U. medical programs should offer interpreter certificate for students
Since the 2010 incorporation of the Patient Protection and Affordable Care Act into U.S. legislature, the population of individuals who can obtain affordable health care has expanded. Combine this policy change with the growing cultural and linguistic diversity in many areas of the U.S. and we have the existing cultural and language barrier in modern health care becoming even more of a medical, legal and financial burden.
As much as these barriers exist on an international and national level, such issues are just as prominent here. The University and the surrounding New Brunswick area have communities that are undeniably diverse. Why don’t we incorporate the cultural and linguistic diversity of many students here at the University into our education? I am encouraging all Rutgers-New Brunswick students and faculty members interested in health care to consider this question.
With responsibilities of medical interpreters, including translator of medical information, culture broker and patient advocate, their presence is essential. Yet, individuals with limited English proficiency and/or who speak a primary language that is not English are not often provided with certified medical interpreters. Whether this be the result of the limited number of interpreter services that are available at medical institutions or the lack of a standard procedure for incorporating medical interpreters into patient-doctor relationships, such occurrences are unacceptable. Unqualified individuals like family members and friends of patients are not acceptable replacements for certified medical interpreters. When the problem is often the limited access and availability of certified medical interpreters, why not train our future health care providers to be more culturally competent and multilingual at the undergraduate level?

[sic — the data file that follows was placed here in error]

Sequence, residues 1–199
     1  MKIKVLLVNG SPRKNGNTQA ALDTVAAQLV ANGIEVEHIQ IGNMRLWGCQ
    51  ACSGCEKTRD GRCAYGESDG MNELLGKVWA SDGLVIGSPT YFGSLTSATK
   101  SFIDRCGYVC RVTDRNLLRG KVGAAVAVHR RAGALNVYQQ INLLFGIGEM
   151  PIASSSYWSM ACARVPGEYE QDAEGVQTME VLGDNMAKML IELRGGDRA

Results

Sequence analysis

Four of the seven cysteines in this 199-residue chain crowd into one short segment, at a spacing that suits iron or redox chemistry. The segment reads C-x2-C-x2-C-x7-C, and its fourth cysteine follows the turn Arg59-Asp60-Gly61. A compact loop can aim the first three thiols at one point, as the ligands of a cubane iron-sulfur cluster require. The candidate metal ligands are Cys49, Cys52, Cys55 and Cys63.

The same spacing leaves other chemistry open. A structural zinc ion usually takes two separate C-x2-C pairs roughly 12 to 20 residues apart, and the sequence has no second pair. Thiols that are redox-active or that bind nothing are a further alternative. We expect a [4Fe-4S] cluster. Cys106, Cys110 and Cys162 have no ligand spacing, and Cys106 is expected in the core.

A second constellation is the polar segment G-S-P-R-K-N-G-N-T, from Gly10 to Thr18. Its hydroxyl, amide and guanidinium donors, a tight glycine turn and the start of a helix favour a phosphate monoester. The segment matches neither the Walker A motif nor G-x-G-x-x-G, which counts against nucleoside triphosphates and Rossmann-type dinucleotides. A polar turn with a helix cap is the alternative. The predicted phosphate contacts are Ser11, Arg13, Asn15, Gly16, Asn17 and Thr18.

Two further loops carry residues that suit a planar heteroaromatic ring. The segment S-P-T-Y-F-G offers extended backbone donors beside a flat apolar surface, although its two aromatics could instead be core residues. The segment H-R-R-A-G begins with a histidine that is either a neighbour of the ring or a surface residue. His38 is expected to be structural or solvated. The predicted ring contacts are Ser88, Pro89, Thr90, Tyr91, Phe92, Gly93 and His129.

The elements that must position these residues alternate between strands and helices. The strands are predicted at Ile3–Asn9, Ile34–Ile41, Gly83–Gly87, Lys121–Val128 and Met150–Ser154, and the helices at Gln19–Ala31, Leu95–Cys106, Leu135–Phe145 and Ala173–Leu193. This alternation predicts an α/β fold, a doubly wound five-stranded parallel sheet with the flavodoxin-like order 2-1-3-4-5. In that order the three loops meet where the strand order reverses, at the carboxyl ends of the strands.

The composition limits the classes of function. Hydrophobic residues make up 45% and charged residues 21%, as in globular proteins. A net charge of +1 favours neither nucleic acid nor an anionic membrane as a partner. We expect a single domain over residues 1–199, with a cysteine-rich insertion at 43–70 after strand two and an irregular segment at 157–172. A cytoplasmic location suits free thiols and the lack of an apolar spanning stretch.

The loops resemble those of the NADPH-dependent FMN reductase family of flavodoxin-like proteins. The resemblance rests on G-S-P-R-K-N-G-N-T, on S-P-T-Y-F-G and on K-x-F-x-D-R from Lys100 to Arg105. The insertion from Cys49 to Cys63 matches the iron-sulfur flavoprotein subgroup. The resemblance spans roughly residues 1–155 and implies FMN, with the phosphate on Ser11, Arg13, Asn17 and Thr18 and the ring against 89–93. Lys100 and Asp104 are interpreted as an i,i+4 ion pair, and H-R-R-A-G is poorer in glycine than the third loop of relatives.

My team members and I passionately believe that the University should incorporate a Medical Interpreter Certificate Program into its growing repertoire of programs and make such training available to traditional and non-traditional students. The success seen in schools like Boston University, NYU and Cambridge College can certainly be replicated and perhaps magnified here at the University. If you are a student in medical, pharmacy, nursing or physician assistance programs, help us make this certificate program an option for you! Not only will this certificate program provide graduates with additional employment options post-grad, it will help students take on a more personal approach to their education and become more culturally competent in future careers. We have strong hopes that incorporating this Medical Interpreter Certificate Program into the undergraduate education of University students majoring in health care-related fields can launch a national initiative aimed at decreasing the prevalence of language barriers in future health services. All my team asks is for the support of our University community in bringing the need for a Medical Interpreter Certification Program to the attention of our institutions academic leaders.
Ife Aridegbe is a School of Environmental and Biological Sciences senior majoring in biological sciences with a minor in public health.